In most boat trim systems having one or more hydraulic cylinders for selectively adjusting the angular position of a propulsion unit, the boat operator has no way of judging when the boat is properly trimmed for the existing running conditions. Boat operators have heretofore been forced to rely upon their own instincts when trimming or adjusting the condition of the boat. Only the most experienced and skilled operators, however, can judge with any great accuracy when the boat is properly adjusted for existing running conditions. An improperly trimmed boat operating under adverse running conditions, can be unstable and pose a danger to those on board. An improperly throttled or trimmed boat will consume excessive amounts of fuel.


It is therefore a primary object of the present invention to improve apparatus for properly adjusting the positioning of a stern mounted marine propulsion unit.

A further object of the present invention is to provide accurate thrust information to a boat operator that can be used by the operator to set the boat speed, adjust the boat load or trim the boat to meet changing running conditions or in the case of a multi-engine craft to balance the thrust of the engines.

A further object of the present invention is to promote boating safety by providing for more efficient boat operations.

These and other objects of the present invention are attained by means of a power driven boat having a stern mounted propeller driven propulsion unit, a bracket for pivotally mounting the propulsion unit upon the transom of the boat so that the position of the propeller can be adjusted, at least one fluid actuated power cylinder having an extendable arm that is positioned between the propulsion system and the boat transom so that at least part of the thrust developed by the propeller is transmitted through the cylinder to the hull, a pump connected to the power cylinder by means of a fluid line, a control unit for selectively operating the pump to extend and retract the arm of the power cylinder, and a pressure gauge mounted in the fluid line that is calibrated to convert the pressure measurements to thrust readings whereby the position of the propeller can be adjusted to trim the boat for more efficient operation.


For a better understanding of these and other objects of the present invention reference is made to the following detailed description and of the invention that is to be read in conjunction with the accompanying drawings, wherein:

FIG. 1 is a side elevation showing a boat equipped with a stern mounted propulsion unit embodying the teachings of the present inventions;

FIG. 2 is a view similar to that shown in FIG. 1 wherein the boat has been trimmed using the apparatus of the invention to provide for safer and more efficient operation of the boat;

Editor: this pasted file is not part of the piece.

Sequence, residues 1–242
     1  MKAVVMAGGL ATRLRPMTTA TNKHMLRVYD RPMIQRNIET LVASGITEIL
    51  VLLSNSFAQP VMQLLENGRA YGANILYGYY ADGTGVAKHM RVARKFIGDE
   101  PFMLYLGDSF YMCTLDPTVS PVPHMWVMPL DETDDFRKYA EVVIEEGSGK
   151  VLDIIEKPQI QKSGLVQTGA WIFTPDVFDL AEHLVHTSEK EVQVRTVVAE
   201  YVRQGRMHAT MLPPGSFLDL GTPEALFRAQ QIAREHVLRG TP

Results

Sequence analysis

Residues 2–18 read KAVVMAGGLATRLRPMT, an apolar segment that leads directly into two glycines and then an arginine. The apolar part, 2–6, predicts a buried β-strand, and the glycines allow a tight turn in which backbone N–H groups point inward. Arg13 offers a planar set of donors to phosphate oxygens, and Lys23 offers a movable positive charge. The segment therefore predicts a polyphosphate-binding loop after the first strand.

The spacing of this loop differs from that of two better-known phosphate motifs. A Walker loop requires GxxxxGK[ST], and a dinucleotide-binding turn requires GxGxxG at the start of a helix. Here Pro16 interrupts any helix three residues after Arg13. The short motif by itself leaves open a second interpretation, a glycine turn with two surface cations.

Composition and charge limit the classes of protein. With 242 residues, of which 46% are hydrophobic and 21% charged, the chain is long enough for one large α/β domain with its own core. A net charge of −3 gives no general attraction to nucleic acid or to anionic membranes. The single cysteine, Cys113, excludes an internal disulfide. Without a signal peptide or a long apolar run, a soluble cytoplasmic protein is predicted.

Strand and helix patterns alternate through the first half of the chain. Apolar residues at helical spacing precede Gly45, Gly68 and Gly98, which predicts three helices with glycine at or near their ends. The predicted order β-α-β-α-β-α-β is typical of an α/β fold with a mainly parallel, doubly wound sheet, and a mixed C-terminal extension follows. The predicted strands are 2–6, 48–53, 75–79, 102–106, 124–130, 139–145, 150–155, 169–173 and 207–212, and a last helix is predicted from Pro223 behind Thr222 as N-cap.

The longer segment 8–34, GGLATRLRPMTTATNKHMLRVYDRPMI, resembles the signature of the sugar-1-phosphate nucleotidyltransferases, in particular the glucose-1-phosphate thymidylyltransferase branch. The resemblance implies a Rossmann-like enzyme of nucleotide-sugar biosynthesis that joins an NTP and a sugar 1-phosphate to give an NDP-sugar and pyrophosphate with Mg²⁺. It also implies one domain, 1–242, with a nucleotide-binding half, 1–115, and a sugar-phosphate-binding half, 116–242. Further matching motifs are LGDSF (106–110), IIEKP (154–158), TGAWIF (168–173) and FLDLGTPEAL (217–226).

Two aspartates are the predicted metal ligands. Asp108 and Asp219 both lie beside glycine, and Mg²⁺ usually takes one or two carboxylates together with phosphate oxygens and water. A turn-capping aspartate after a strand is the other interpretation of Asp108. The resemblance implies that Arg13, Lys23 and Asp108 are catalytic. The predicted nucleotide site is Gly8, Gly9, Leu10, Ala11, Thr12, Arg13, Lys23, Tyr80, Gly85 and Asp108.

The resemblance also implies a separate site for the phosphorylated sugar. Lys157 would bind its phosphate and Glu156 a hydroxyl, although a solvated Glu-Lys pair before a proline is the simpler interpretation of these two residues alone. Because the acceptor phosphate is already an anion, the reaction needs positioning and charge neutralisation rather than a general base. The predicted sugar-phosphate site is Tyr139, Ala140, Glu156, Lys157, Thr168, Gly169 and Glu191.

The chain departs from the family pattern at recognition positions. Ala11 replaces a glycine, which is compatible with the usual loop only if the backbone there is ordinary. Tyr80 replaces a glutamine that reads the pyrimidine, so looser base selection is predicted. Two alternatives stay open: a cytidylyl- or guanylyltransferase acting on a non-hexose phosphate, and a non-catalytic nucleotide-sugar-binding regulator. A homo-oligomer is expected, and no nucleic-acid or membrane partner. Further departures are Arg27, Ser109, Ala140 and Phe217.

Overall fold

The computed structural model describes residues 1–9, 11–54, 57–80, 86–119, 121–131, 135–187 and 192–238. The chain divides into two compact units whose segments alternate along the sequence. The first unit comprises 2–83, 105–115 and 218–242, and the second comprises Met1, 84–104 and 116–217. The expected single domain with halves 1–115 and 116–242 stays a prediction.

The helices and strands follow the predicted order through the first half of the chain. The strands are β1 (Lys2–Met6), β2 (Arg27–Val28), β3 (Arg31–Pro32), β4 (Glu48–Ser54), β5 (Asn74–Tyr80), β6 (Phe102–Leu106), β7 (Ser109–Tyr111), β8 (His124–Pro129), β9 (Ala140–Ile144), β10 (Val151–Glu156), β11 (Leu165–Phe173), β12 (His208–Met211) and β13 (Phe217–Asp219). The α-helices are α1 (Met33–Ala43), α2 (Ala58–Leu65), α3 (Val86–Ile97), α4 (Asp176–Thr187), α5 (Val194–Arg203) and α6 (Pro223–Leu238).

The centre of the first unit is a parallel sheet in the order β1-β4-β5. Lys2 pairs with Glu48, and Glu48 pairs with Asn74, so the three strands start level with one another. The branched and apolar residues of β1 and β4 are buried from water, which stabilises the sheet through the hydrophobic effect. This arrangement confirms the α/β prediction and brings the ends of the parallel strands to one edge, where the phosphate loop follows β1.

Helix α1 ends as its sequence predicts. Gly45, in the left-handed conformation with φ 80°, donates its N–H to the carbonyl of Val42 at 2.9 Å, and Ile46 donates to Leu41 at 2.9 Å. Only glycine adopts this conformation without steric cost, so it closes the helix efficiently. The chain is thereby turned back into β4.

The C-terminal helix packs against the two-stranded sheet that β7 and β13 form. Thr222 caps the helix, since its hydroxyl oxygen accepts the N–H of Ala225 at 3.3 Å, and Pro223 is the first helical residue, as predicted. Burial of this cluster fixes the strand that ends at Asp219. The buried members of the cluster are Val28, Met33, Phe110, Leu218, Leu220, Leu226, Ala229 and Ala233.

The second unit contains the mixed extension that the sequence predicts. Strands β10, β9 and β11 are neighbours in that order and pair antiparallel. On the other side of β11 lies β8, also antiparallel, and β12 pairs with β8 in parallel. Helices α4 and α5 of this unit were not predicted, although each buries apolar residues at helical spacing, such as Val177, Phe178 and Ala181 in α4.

FIG. 3 is a partial side elevation showing in section the stern section of a power boat and a marine propulsion unit incorporating the teachings of the present invention; and

FIG. 4 is a partial enlarged side elevation in section showing a power cylinder used to adjust the position of the propulsion unit shown in FIG. 3.


Referring now to the drawings, a power boat 10 is shown in FIG. 1 moving through a body of water at a relatively high speed. The boat is equipped with a stern drive propulsion unit, generally referenced 12, which is sometimes referred to as an inboard-outboard motor. As will be explained in greater detail below, the propulsion unit typically includes one or more hydraulically actuated power cylinders for raising and lowering the unit whereby the hull of the boat can be trimmed as it moves through the water. Typically, the operation of the power cylinder or cylinders is controlled manually by the boat operator through the use of a three-position trim switch. The switch is normally biased in a neutral or off position from which it can be selectively moved to either an up or down position to change the attitude of the propulsion unit and thus the boat's attitude in the water.

The boat illustrated in FIG. 1 is shown planing high out of the water. As a consequence, the hull presents a high angle of attack to the water and thus generates considerable drag. This, in turn, retards the forward motion of the boat and forces the propulsion system to work harder. Under certain running conditions, the high attitude of the boat can create unstable and thus unsafe operating conditions. By moving the trim switch to a down position the propeller will be moved deeper into the water which forces the nose of the boat down as shown in FIG. 2. This reduces the angle of attack of the hull against the water and permits the boat to plane more easily through the water increasing the effectiveness of the propulsion system.